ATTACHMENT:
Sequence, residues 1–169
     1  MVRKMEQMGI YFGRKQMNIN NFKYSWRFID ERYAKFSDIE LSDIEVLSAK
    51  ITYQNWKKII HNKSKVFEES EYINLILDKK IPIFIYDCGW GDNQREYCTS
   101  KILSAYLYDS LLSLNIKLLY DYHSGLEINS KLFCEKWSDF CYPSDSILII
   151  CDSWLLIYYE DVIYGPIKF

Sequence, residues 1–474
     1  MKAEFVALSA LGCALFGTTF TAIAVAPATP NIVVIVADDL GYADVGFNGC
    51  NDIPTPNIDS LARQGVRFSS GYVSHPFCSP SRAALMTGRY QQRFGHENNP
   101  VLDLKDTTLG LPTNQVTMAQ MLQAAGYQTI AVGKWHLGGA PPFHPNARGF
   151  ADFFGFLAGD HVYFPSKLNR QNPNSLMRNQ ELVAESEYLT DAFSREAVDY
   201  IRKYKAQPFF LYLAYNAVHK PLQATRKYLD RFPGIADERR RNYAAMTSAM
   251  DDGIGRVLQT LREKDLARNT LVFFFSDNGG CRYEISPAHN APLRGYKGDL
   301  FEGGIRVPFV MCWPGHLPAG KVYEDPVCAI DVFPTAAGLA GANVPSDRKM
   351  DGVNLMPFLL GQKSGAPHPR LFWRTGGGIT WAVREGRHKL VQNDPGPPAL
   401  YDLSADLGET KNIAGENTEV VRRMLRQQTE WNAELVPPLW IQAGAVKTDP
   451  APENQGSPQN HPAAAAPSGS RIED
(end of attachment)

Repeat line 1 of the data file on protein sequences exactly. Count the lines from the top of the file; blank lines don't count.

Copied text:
Sequence, residues 1–169